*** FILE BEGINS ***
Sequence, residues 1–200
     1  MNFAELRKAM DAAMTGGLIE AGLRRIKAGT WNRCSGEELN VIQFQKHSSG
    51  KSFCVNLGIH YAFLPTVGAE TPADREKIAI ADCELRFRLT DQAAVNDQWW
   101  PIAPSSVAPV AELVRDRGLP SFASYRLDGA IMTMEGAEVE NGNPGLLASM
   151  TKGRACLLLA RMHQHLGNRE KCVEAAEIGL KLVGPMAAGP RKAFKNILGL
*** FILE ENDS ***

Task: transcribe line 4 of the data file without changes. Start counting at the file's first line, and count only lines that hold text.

   101  PIAPSSVAPV AELVRDRGLP SFASYRLDGA IMTMEGAEVE NGNPGLLASM